Mmegi Blogs :: A dramatic nation
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Wednesday 22 November 2017, 18:39 pm.
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A dramatic nation

The problem with some people is that when they arenít drunk, theyíre sober. And just when you thought you had seen it all, poof, something else happens in this country!
By Tumie Modise Mon 10 Jul 2017, 16:33 pm (GMT +2)
Mmegi Blogs :: A dramatic nation








! I always say this; that the one thing that sets us apart from other nations is that we are a lively hyper lot. Perhaps it’s too much boredom. So last week, after a short stay in hospital, our second President passed on. A pleasant gentleman by all accounts, our late second President Sir Ketumile Masire was an honourable man and a highly respected and acclaimed African statesman. Books will be written about him in future, his distinguished life and service to this nation will one day be documented for future generations.

His story must be told.  I count myself as fortunate to have grown up in an era of his presidency and even though I quite can’t recall most things (for the most part), like the day when his official aircraft allegedly got shot over Angolan skies, his legacy is not in doubt. Kanye’s most famous export was put to rest a week ago and unfortunately, what should have been a week of dignified mourning period nearly turned into something else. When such things happen, you realise that drama as a subject should’ve been long introduced in our primary school curriculum. There’s too much unearthed talent. 

People demand freedom of speech to make up for the freedom of thought which they avoid. It started with the official notification. I have seen this happen in other countries. In fact, my colleagues at work were genuinely shocked at how ‘low key ‘the whole mourning period was.  In their countries, as one told me, it would have been one hell of a wailing period with folks running up and down the street, tearing their hair off and rolling on the highways until after the day of the burial.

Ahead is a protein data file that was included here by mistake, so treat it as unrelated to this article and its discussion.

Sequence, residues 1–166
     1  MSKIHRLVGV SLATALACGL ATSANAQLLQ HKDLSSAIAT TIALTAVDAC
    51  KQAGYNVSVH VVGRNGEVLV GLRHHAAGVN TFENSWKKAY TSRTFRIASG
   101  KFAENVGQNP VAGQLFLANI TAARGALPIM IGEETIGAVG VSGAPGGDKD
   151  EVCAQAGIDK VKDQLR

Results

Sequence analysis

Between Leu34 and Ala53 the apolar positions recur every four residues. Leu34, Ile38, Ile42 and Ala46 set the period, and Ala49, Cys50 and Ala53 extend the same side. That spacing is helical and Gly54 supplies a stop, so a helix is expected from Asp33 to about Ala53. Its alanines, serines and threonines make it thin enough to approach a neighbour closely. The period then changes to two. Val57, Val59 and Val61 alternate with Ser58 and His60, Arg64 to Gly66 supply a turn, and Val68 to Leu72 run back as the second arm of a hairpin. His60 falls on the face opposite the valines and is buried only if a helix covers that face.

They even told me that professional mourners would have made a fortune that whole week. For some reason, Batswana always remain dignified whether happy or sad. It’s what sets us apart. Well, with the exception of a few of our own. A few hours after the sad news were confirmed, when we were collectively digesting the news, and for most of us, contemplating life without this great human being from then onwards, we were then rudely interrupted by people, a handful of people with seemingly very little attention spans.

You see this select group of people exist all

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over, in fact, every single family has at least two of them. Such characters feed off drama and they love action and sensationalism. They hate serenity and peace. The voice of the people has been said to be the voice of God; and, however generally this maxim has been quoted and believed, it is not true to fact. The people are turbulent and changing, they seldom judge or determine right. This became evident when the first blood was drawn over the actual official sad announcement, or rather the ‘late’ announcement as they called it.

The people’s gripe was that unlike the first President’s demise which was allegedly announced ‘timely’, this one was made rather late just before noon. But many of us don’t know what happened in 1980.  After the official ‘late’ announcement was finally made, the next complaint had something to do with the written announcement.  Apparently the people were dissatisfied with what they referred to as the hasty note, even that the word ‘sad duty’ was not even ‘proper English’! Well it is.

Very correct word and very fitting! Just when you thought the grammar gurus were done, it was then decided that an official written statement was not necessary after all, that the state President should have been on national television delivering the sad news himself. Those who were around when Lady Diana tragically died in 1997 will be reminded of Queen Elizabeth’s predicament.  How when she finally gave in to the pressure to go on television she was dismissed as a ‘fake mourner’. No one wants to deliver bad news, because you will be always be remembered as the bearer of devastating news.

The bad news out of the way, next was the funeral programme.   The memorial service venue became a point of contention for many people, never mind that they never had plans to attend in the first place. National stadium, they said! The agreed day of burial was the straw that now broke the camel’s back. What a nightmare, no regard whatsoever for the grieving family. I know I am speaking for many people when I say that I breathed a huge sigh of relief after the burial. A dignified and fitting sendoff it was. Oh well, what would life be like with dramatic people?

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